Muscle soreness and weightlifting

Dear Alice,

I am an avid weightlifter. I want to know how to prevent muscle soreness, or flush out the lactic acid from my system. Thank you.

Dear Reader,

Looking to keep the soreness at bay, eh? Muscle soreness, characterized by pain, tenderness, stiffness, swelling in the muscles, often happens to people who are just beginning to pump iron — but it can also be experienced by seasoned weight training enthusiasts. What’s more, having sore muscles isn’t only physically uncomfortable, it’s also associated with reduced muscle strength and range of motion. It can occur for a number of reasons including overloading the muscles excessively or working the same set of muscles in a new and different way. The good news is that there are ways to decrease and prevent soreness — but, it actually doesn’t have to do with flushing lactic acid from your system as your question suggests. Keep reading for more on the causes and potential prevention strategies for muscle soreness.

What exactly causes it? Although at one time lactic acid was believed to be involved in muscle soreness, exercise physiologists no longer believe this is the case. It’s now understood that lactic acid is long gone from the muscles before soreness occurs. Other previous hypotheses included tears in the connective tissue, muscle spasms, and over-stretching. Though the exact cause of muscle soreness remains uncertain, evidence suggests that multiple overlapping biochemical and mechanical processes likely contribute. Some of these factors include primary muscle damage during physical activity and then secondary damage caused by a later inflammatory response.

As far as other factors that may contribute (or not) to soreness, the actual movements you engage in during your routine may make a difference. More specifically, eccentric muscle contractions and, to some extent, isometric contractions cause more soreness than concentric contractions. What does this mean? In a concentric contraction, the muscle shortens as it overcomes the resistance, as in an upward curl with a weight. Lowering the weight, as the muscle acts to oppose gravity, lengthens the muscle — resulting in an eccentric contraction. An isometric movement is one in which the object is too heavy to move, even though muscle force is being applied. High eccentric muscle contractions and doing unfamiliar exercises can create muscle soreness one or two days after a lifting session. On the other hand, concentric contractions, such as those produced during moderate cycling, may be movements to consider as they are associated with less soreness.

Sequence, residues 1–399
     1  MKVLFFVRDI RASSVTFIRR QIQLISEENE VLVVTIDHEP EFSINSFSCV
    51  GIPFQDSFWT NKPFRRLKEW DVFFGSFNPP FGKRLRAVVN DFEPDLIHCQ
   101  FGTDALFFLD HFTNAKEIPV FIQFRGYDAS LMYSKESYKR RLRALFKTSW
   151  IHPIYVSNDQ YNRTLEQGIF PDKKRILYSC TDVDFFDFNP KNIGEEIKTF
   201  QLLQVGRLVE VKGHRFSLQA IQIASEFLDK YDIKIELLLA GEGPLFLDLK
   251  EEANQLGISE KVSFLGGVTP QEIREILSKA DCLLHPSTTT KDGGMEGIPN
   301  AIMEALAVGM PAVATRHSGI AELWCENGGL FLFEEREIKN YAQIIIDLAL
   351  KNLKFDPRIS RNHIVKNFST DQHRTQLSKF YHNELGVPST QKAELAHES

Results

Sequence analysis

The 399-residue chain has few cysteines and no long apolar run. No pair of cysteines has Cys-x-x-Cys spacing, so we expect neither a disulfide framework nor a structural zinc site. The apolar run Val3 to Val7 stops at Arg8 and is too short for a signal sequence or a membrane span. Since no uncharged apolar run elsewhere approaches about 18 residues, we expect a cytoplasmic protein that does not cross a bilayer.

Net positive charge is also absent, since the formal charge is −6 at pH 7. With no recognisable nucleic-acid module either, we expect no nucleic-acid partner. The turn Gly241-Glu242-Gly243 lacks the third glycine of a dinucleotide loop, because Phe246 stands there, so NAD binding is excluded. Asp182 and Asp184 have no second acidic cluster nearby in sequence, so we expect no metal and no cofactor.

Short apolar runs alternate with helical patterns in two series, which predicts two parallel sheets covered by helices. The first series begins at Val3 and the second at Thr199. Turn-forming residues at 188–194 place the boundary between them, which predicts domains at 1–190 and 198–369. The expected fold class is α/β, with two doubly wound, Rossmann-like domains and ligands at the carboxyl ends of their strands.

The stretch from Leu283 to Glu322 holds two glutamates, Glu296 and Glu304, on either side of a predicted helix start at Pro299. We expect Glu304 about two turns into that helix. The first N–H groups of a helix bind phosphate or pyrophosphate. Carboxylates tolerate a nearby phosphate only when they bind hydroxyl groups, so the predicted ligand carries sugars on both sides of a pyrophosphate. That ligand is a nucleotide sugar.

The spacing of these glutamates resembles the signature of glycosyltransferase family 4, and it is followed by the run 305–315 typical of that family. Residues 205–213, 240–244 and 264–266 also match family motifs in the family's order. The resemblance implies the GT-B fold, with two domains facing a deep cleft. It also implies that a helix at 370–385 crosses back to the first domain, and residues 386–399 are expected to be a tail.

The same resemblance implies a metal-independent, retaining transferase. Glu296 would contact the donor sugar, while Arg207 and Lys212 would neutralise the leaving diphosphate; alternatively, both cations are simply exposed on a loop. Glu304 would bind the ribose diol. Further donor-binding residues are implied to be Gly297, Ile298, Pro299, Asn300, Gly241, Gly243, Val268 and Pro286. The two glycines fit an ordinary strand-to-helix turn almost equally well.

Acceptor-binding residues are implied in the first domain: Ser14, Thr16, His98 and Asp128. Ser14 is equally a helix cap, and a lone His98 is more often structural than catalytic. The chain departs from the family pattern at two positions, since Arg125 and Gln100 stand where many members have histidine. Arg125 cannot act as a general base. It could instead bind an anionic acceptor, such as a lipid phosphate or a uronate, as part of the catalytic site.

In your quest to prevent soreness, you might consider gradually increasing the amount of weight or number of repetitions as you lift. As a baseline, choose a weight that you can properly lift 12 to 15 times in a single set. Proper form includes a full range of motions through the joints, coordinating lifting motions with your breaths, all at a comfortable pace. Going more slowly helps isolate the muscles you’re focusing on and alert you when you’re fatigued (a good time to stop) or overloaded (which is more likely to cause an injury). To that end, paying attention to pain during and after your workout may also help you differentiate between muscle soreness and a potential injury. It's also a good idea to give yourself time between sets, about one to three minutes, and include warm-up and cool-down exercises (for about 10 to 20 minutes) in addition to your lifting. Cold muscles are more prone to injuries, and some research shows that warming-up can decrease muscle soreness caused by resistance training in the legs and muscle belly (the largest, most central part of the muscle). In addition to warm-ups and cool-downs, post-workout massages have been shown to decrease muscle soreness and improve gait. Massages are thought to also improve blood and lymph circulation, flexibility, and muscle imbalances. Talking to a massage therapist or physical therapist is a good way to learn more.

Eating a healthy snack after exercise can also be a no sweat way to help your muscles recover and to prevent soreness. Try having a carbohydrate and protein-rich snack (e.g., peanut butter on toast, slices of turkey breast or cheese on a bagel, or some milk and a banana) 15 minutes to an hour after your workout has ended. Because muscles can only store about an hour's worth of carbohydrates (in the form of glycogen), it's wise to replenish that as soon as possible. The protein can help maintain and rebuild muscle cells, and, depending on how much you're eating, can also be used to increase the size of your muscles. Some research has shown that substances, such as omega-3 fatty acid, antioxidants, and polyphenols (which can all easily be a part of a healthy diet of fruits and vegetables), may help alleviate muscle soreness. If getting these through a balanced diet proves difficult, some are available in the form of dietary supplements. If you’re curious about taking any supplements though, it’s wise to speak with a health care provider for consultation to determine if they’re right for you.

Ultimately, listening to your body’s signals and pacing yourself may help keep your muscles comfortable and allow you to keep pumping safely! If you’re still pumped for more information, check out the Q&As in the Fitness category of the Go Ask Alice! Nutrition and Physical Activity archives.

Last updated Jan 27, 2017
Originally published Mar 08, 1996

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